Archive Home

NVIDIA GeForce GTX 280 Video Card E-mail
Reviews - Featured Reviews: Video Cards
Written by Olin Coles   
Monday, 16 June 2008
Table of Contents: Page Index
NVIDIA GeForce GTX 280 Video Card
GT200 GPU: Why Now and What's New?
GeForce GTX 280 Specifications
GTX 280 Features
NVIDIA Hybrid Technology
GeForce GTX 280 Closer Look
Video Card Testing Methodology
3DMark06 Benchmarks
Crysis Benchmark Results
Lightsmark Frame Rates
SupComm: Forged Alliance Results
World in Conflict Benchmarks
GTX 280 Temperatures
GTX 280 Power Consumption
GT200 GPU Final Thoughts
GeForce GTX 280 Conclusion

World in Conflict Benchmark Results

The latest version of Massive's proprietary Masstech engine utilizes DX10 technology and features advanced lighting and physics effects, and allows for a full 360 degree range of camera control. Massive's MassTech engine scales down to accommodate a wide range of PC specifications, if you've played a modern PC game within the last two years, you'll be able to play World in Conflict.

World in Conflict's FPS-like control scheme and 360-degree camera make its action-strategy game play accessible to strategy fans and fans of other genres... if you love strategy, you'll love World in Conflict. If you've never played strategy, World in Conflict is the strategy game to try.

World in Conflict offers an in-game benchmark; which records the minimum, average, and maximum frame rates during the test. Very recently another hardware review website made the assertion that these tests are worthless, but we couldn't disagree more. When used to compare video cards which are dependant on the same driver and use the same GPU architecture, the in-game benchmark works very well and comparisons are apples-to-apples.

First tested was the 1024x768 resolution in WiC, which relates to gamers using a 17" LCD monitor. Based on the test results charted below it's clear that WiC doesn't place a limit on the maximum frame rate (to conserve wasted power) which is good for full-spectrum benchmarks like ours, but bad for electricity bills. The critically important minimum frame rate results indicate a shared lead between the 8800 GT AMP! Edition, ZOTAC 9800 GTX AMP! Edition, and GeForce 9800 GX2 video cards.

To my surprise however, the Palit 9600 GT actually showed a prevailing strength against the overclocked MSI GeForce 8800 GTX, matching it in minimum frame rate and coming very close in the average. Ultimately the GTX 280 would secure the lead with an average frame rate of 68 FPS; but a 2 FPS lead over the GeForce 9800 GTX is not exactly impressive.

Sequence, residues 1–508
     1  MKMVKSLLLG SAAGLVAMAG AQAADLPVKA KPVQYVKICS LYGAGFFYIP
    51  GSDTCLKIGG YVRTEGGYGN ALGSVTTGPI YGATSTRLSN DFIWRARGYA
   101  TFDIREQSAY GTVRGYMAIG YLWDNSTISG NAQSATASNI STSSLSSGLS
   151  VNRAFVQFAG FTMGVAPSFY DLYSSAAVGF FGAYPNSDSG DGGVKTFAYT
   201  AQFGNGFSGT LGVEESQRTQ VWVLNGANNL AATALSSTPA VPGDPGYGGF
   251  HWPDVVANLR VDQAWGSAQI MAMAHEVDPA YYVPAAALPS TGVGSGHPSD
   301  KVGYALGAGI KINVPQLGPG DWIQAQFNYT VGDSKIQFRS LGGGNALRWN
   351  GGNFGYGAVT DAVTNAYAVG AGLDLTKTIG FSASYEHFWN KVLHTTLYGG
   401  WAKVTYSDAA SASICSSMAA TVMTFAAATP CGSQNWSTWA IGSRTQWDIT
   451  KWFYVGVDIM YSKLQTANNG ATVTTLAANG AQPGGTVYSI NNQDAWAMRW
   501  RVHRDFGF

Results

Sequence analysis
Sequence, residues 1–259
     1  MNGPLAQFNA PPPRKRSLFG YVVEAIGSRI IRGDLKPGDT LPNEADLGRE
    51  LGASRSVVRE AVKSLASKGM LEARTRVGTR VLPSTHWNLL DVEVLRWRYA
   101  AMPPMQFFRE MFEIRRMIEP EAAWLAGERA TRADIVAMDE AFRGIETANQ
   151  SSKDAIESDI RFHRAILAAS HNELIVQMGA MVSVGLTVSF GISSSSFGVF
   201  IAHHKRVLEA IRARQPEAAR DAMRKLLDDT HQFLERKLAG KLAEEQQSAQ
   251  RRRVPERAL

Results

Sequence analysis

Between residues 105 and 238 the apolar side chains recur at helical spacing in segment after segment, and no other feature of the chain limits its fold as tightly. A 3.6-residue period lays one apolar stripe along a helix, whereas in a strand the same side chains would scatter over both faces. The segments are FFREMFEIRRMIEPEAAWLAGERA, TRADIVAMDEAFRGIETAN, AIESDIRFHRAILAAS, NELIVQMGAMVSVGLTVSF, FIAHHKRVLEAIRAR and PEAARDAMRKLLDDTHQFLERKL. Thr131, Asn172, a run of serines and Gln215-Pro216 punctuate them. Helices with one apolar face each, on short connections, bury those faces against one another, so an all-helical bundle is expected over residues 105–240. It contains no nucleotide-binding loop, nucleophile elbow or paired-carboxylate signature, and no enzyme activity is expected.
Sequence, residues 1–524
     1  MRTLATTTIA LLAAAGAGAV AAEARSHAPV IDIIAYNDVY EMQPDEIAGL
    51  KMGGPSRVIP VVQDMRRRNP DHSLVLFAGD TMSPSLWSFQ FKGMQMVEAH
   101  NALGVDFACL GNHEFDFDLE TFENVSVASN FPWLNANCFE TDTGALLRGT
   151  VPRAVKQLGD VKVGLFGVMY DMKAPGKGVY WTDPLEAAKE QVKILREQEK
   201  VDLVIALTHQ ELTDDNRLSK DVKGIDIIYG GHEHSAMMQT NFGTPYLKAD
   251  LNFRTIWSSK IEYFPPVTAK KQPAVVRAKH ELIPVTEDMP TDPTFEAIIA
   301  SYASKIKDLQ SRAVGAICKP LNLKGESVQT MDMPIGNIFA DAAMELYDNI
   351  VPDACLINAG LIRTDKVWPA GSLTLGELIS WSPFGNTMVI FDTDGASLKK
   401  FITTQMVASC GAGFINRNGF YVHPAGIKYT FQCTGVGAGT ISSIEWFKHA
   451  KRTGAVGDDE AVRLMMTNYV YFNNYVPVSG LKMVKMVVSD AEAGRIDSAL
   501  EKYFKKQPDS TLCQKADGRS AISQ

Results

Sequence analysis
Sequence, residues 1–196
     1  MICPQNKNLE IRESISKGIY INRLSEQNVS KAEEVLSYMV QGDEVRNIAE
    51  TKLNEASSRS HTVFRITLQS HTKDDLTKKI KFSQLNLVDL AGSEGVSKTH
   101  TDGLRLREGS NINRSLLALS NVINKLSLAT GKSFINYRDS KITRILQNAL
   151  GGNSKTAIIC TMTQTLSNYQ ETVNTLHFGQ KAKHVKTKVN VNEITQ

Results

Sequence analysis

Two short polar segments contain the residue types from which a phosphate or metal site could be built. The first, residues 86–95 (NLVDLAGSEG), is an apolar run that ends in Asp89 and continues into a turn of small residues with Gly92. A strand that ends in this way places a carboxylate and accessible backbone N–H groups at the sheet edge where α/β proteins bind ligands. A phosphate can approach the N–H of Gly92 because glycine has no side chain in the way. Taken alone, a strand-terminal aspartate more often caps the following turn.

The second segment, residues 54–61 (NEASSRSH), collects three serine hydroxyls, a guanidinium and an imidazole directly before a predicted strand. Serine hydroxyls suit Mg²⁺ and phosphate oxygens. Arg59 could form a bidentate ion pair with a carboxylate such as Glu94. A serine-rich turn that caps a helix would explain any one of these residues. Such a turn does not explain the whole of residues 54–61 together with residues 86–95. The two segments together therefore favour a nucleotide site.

A cautionary word about maximum frame rates is necessary, however. Although these readings are worth noting, the maximum frame rate is nearly worthless in determining GPU power. The reason for this is simple: those maximum frame rates are collected from scenes with little to no movement and practically no graphical processing demand. Obviously this shifts the importance over to the minimum frame rate, which will indicate how smooth the performance will remain under heavy demand.

With a balanced demand for CPU and GPU power, the 1.31 Megapixel draw at 1280x1024 resolution proved to be the turning point for performance. Notice how the GeForce 9800 GX2 posts minimum frame rates not very much higher than the an overclocked 8800 GT and barely above the 30 FPS mark, which proves that even under moderate demand World in Conflict is still incredibly demanding. The NVIDIA GeForce GTX 280 holds its ground and drops only 1 FPS, which results in a decidedly lead over the 9800 GTX.


Set to the highest graphics quality settings the Masstech engine allows, World in Conflict begins to really strain all of the GeForce products. At the 1600x1200 resolution, the GeForce GTX 280 absolutely dominates! Between 1.31 MP and 1.92 MP, the GTX 280 reduced FPS output by a mere 4 frames, matching the performance decay of the GeForce 9800 GX2.

Taking a broader look at the average frame rate, the overclocked Foxconn GeForce 9800 GTX still proves that it really isn't much stronger than a very-overclocked GeForce 9600 GT, while the MSI GeForce 8800 GTX OC beats it out in the minimum and average frame rates. In comparison, the GTX 280 outperforms the overclocked 8800 GTX by 40% in WiC.


It's been a long run of tests for the new NVIDIA GeForce GTX 280 graphics card, and the performance has certainly been more than I could have expected. As the new king of the graphics castle, the GeForce GTX 280 wears an undisputed crown as the highest-performing graphics processor available today. Of course, there's still the 9800 GX2 to contend with, but on a few occasions this dual-G92 video card was just barely able to keep pace with the GTX 280.


Comments have been disabled by the administrator.

Search Benchmark Reviews

Like Benchmark Reviews on FacebookFollow Benchmark Reviews on Twitter